Determining if your organization is an intelligent enterprise or a slow learner may be challenging, but a new index quantifies criteria in terms of data usage, workflow efficiency, and progress toward the IoT.
Human intelligence can be measured with some success via standardized tests, but assessing company intelligence isn't so easy. Seeking a method that could help companies assess their internal smarts, Zebra Technologies recently set out to create a survey that measures company intelligence.
According to Zebra, the Internet of Things (IoT), mobility, and cloud computing have converged into a new operational model it calls the Intelligent Enterprise. The Intelligent Enterprise Index measures to what extent companies today are meeting the criteria that define today’s intelligent enterprise and published the results of a global survey for the first time this month.
Criteria that lead to an intelligent enterprise include a company's IoT vision and adoption strategy, as well as the steps it takes to create a return on its IoT investment. The criteria were identified by leading executives, industry experts and policymakers across different industries late last year at the 2016 Strategic Innovation Symposium: The Intelligent Enterprise, which was hosted by Zebra in collaboration with the Technology and Entrepreneurship Center at Harvard (TECH).
Leveraging operational data
Enterprise intelligence grows when an organization leverages operational data to drive actionable insights and workflow improvements, according to Chip Yager, Zebra's vice president of strategy. "Knowing where employees are, the availability of equipment and the condition of goods can all help inform operational tasks, making operations more efficient, lowering costs and improving customer service," he said. "The Intelligent Enterprise Index is an assessment of where companies are on their journey and how fast they are moving toward an end-to-end solution."
Yager noted that having a solid knowledge and understanding of the IoT plays a key role in fostering company intelligence. "The most advanced companies in our survey have a clear vision of their IoT future, an understanding of the RoI, and are investing to make it happen," he said. "These companies invest in the technology that drives their front-line operations, which in turn enables both new data insights and advanced applications that guide users to the 'next best action.'"
For many companies, big data analytics -- essential for deriving actionable intelligence from transactional data -- is necessary for building company intelligence. Yet that's only part of the picture, Yager said. "While there are plenty of insights that can be gained here, [one] can overlook the opportunities to leverage real-time operational data," he noted.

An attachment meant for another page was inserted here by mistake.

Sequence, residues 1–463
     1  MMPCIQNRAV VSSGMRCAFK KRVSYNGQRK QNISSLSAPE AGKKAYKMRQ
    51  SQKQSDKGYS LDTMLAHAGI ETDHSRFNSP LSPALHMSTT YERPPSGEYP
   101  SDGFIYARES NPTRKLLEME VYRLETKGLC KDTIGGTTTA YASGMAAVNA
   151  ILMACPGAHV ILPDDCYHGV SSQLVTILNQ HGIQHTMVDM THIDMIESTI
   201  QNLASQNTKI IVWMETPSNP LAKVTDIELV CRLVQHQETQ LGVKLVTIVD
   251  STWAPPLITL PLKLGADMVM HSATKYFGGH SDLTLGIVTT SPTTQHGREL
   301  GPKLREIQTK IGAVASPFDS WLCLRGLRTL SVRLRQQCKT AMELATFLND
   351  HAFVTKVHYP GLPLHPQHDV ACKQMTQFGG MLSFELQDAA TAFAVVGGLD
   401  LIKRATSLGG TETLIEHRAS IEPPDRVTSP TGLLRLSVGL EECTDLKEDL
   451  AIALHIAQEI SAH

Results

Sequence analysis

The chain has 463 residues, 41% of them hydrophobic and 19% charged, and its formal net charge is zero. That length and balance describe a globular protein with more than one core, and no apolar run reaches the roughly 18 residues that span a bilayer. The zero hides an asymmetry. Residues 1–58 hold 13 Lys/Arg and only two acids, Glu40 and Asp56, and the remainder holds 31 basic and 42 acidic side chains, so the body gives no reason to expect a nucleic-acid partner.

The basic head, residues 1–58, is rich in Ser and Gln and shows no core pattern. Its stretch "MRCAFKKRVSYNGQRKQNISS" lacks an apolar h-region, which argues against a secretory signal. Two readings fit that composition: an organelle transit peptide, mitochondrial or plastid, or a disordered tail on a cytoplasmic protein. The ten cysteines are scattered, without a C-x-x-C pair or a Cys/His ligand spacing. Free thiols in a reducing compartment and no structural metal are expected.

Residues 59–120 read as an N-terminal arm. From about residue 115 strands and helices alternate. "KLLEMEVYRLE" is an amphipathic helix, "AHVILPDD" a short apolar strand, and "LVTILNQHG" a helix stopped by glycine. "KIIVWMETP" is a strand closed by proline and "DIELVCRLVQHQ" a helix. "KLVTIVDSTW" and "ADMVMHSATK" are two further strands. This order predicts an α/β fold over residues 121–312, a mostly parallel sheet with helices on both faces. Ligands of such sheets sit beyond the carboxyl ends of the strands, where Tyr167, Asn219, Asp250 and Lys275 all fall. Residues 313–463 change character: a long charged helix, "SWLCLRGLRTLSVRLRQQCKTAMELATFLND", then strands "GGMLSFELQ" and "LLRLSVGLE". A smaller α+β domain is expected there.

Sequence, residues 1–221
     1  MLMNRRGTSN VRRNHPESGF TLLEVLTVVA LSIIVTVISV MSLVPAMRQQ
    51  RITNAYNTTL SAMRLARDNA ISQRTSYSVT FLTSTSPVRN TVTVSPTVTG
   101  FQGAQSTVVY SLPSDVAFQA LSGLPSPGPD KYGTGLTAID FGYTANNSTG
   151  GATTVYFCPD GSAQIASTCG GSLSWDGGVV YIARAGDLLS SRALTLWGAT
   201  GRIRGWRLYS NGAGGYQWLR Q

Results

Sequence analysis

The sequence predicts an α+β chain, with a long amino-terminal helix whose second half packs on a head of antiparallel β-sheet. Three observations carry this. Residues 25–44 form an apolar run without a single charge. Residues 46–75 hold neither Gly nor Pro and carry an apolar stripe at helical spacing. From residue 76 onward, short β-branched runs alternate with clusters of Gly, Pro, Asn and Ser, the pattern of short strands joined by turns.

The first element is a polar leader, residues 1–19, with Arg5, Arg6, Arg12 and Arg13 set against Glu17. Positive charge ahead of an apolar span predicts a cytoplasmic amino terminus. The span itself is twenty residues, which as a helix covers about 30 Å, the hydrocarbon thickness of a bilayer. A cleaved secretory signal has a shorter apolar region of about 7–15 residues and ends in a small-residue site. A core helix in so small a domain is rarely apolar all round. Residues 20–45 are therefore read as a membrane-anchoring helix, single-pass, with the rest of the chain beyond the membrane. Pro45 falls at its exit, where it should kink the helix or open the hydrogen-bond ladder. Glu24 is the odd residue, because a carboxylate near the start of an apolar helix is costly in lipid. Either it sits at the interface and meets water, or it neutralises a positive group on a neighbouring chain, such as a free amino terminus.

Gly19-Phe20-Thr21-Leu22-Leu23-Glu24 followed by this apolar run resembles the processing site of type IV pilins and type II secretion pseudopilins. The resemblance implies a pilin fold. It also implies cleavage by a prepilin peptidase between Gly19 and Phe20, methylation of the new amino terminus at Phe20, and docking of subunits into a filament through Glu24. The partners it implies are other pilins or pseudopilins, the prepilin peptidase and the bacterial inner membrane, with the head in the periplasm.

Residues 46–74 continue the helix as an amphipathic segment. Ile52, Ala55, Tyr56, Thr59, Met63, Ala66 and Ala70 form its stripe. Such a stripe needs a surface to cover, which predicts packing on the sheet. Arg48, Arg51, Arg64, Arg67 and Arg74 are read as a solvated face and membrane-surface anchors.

Retailers, for example, understand that tracking sales and inventory is necessary to improve planning. Yet knowing in real time when a shelf is empty and directing a worker to restock creates an immediate and significant financial impact. "The most progressive companies ... look at their opportunity costs and workflow inefficiencies and consider how they could improve these by leveraging real-time data," Yager said.
Working with companies that are already on the forefront of enterprise asset intelligence is the fastest way for an organization to bolster its own intelligence. "Companies need a clear vision. Once that is in place, the right partners can help create the plan that makes it reality," Yager said.
According to the survey, nearly 50% of companies leave half of their intelligence on the table. Only 5%, the study found, can be considered truly "intelligent," meaning they are leveraging ties between the physical and digital worlds for better visibility and actionable insights.
In today’s fast-moving technology world, companies that are tech laggards can suffer competitively. The Intelligent Enterprise Index points to companies that are investing early and pursuing IoT solutions most aggressively. "These same companies are likely to see competitive advantages in the marketplace," Yager noted.
John Edwards is a veteran business technology journalist. His work has appeared in The New York Times, The Washington Post, and numerous business and technology publications, including Computerworld, CFO Magazine, IBM Data Management Magazine, RFID Journal, and Electronic ... View Full Bio
We welcome your comments on this topic on our social media channels, or [contact us directly] with questions about the site.
The Next Generation of IT SupportThe workforce is changing as businesses become global and technology erodes geographical and physical barriers.IT organizations are critical to enabling this transition and can utilize next-generation tools and strategies to provide world-class support regardless of location, platform or device